Who doesn't communicate a delivery timeline? I thought that was a given? Not only is it part of the last discussion I have with them at the wedding; it is also part of my immediate follow up email sent when I return home the same night.


Sep 06, 2012 at 07:27 PM
jeraldcook
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p.1 #8 · p.1 #8 · Delivery time vs. client satisfaction


D. Diggler wrote:
Anyone have any thoughts on the question of whether or not there is a relationship between overall client satisfaction with a photo vendor and how long after the event it takes for the client to view the full set of images?


There was a thread a while back about how quickly final edits are delivered and the client's perceived value based on how long it takes. i.e., delivering a full set too fast and the client might feel like not much work was done by the photographer and they therefore overpaid. I believe some people here even said that if they finish editing to set too quickly they may delay sending the bride the finished photos until the photographers perceived "optimal" time to deliver them.

Is that what you're getting at or did Todd sum it up?



Sep 06, 2012 at 07:37 PM
dlateulade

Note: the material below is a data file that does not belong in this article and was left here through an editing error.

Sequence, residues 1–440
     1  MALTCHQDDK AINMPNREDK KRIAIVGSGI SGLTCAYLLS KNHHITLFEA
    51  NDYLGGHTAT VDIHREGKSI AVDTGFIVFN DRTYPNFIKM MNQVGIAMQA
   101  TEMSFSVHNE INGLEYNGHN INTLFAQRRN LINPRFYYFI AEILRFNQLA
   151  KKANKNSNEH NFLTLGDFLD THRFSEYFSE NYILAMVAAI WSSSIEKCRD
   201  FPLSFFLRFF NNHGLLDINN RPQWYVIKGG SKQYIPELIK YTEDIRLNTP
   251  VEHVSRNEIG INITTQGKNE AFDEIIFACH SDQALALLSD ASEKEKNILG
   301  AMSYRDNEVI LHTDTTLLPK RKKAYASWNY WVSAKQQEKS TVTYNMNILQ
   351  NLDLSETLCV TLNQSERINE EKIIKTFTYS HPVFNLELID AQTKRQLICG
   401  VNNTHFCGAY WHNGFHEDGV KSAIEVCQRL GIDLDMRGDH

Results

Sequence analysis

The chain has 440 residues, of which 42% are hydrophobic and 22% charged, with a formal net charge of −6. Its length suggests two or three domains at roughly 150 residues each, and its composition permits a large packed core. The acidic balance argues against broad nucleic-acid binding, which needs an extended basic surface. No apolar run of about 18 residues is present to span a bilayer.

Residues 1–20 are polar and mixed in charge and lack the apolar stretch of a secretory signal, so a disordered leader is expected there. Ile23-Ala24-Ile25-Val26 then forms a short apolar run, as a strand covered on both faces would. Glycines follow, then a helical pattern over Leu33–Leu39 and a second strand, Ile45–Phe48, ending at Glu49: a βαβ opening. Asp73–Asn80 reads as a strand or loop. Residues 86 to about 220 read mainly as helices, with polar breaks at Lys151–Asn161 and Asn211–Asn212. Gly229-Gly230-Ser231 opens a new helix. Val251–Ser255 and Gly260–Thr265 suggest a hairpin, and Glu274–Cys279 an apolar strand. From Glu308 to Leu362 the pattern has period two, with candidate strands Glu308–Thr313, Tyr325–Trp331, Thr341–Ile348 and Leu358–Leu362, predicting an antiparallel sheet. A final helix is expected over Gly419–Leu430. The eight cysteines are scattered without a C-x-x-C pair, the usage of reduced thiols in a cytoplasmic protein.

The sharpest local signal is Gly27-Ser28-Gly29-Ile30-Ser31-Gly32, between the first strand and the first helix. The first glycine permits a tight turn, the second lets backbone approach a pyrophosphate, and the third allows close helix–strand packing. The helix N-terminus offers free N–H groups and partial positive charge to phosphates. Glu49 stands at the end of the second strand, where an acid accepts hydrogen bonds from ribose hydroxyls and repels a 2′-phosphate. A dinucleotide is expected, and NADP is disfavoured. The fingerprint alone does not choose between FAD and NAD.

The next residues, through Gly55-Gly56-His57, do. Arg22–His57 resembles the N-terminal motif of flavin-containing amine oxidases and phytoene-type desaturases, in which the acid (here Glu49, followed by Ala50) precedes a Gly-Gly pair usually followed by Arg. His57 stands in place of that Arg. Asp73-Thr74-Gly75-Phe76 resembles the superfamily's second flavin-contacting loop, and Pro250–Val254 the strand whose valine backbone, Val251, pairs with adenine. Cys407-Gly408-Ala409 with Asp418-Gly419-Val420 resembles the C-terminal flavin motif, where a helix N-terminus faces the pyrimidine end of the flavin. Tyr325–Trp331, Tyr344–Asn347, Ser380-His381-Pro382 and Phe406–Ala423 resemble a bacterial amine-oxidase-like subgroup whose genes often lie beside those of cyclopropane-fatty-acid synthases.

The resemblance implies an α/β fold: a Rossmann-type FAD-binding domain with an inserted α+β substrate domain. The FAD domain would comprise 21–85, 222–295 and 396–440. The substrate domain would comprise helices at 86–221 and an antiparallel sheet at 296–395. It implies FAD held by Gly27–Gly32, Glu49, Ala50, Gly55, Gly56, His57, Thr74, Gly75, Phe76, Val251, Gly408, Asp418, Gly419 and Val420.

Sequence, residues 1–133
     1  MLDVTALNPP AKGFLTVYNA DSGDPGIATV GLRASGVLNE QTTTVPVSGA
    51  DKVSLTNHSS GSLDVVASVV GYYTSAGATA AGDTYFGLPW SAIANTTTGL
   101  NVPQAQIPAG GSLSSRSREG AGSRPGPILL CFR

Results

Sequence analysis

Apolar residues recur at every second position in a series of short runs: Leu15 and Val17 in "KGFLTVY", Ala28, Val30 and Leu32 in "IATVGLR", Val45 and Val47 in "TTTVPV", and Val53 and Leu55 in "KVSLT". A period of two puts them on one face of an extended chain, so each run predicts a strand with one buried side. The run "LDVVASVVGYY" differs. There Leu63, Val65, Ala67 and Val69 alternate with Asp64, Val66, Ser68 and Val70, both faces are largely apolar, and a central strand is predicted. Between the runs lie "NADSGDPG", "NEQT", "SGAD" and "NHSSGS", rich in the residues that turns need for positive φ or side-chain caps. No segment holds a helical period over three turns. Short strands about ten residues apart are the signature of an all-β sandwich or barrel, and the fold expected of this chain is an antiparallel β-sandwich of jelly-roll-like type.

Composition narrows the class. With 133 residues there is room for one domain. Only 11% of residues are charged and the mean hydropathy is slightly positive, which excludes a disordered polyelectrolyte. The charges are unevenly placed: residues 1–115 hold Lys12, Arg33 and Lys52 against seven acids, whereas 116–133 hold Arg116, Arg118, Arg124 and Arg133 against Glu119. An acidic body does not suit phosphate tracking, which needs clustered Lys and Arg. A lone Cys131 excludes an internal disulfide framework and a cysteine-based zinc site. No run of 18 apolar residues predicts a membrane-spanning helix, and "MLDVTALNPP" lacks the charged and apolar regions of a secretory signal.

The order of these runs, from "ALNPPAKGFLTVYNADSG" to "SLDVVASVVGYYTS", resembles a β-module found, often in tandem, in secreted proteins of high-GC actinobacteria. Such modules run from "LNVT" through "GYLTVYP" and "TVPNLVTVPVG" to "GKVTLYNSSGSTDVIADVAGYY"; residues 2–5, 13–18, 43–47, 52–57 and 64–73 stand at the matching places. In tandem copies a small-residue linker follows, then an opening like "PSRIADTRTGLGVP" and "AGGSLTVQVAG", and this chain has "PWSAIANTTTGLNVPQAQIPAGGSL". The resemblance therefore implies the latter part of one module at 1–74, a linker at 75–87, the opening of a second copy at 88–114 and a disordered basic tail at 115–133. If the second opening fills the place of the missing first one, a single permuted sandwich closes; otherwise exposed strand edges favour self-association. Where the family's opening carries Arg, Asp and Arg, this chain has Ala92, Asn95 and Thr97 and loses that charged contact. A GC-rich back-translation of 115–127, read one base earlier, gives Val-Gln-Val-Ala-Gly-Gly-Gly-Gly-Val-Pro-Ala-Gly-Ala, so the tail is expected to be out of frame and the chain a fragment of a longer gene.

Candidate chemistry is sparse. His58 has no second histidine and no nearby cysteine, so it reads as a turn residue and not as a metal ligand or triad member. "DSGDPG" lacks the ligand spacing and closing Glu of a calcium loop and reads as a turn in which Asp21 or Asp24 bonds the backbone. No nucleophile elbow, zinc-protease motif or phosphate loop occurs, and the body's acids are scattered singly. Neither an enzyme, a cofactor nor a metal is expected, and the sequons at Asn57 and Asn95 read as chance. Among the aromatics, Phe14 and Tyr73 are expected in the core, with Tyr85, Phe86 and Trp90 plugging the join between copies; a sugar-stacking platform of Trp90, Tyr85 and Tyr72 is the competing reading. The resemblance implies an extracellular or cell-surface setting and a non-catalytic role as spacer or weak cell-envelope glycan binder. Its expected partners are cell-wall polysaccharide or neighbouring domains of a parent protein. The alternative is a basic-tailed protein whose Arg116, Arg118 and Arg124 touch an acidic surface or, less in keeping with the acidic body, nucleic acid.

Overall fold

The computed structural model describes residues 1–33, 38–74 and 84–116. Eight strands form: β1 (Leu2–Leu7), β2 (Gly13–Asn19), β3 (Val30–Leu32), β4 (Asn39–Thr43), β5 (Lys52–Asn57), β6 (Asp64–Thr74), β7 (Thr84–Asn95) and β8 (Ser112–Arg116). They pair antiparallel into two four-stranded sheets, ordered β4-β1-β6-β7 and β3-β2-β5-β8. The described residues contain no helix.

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p.1 #9 · p.1 #9 · Delivery time vs. client satisfaction


I've wondered about this, but backwards. My SOP is to shoot on Saturday, edit on Sunday (I can edit a full wedding in 3 hours or so), and deliver on Monday.

I've had several weddings where I've held off on delivering, just because I feel like turnaround that fast might lead someone to believe I'm doing something really half assed.



Sep 06, 2012 at 07:53 PM
mccallmedia
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p.1 #10 · p.1 #10 · Delivery time vs. client satisfaction


I guarantee deliver in three weeks but end up always delivering within two weeks. Never faster than a week. Clients are always satisfied and never express concern that I rushed through their wedding. Truth is, I have to stay on top of editing since I keep a wedding a week average through the summer or I'll fall way behind, and I tell them this as the reason behind why I deliver their images quickly. Of course albums take more time.

It's crazy when I go over this in consultation how many couples know of someone or more than one couple who waited 6 months, a year or even longer for their photos. That's nuts.



Sep 06, 2012 at 08:00 PM
 

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Ian Ivey
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p.1 #11 · p.1 #11 · Delivery time vs. client satisfaction


Alan wrote:
Who doesn't communicate a delivery timeline? I thought that was a given?

Come on, Alan; if there's one thing you should have learned from this forum, it's that nothing about how photographers conduct business -- not even common sense -- is a given.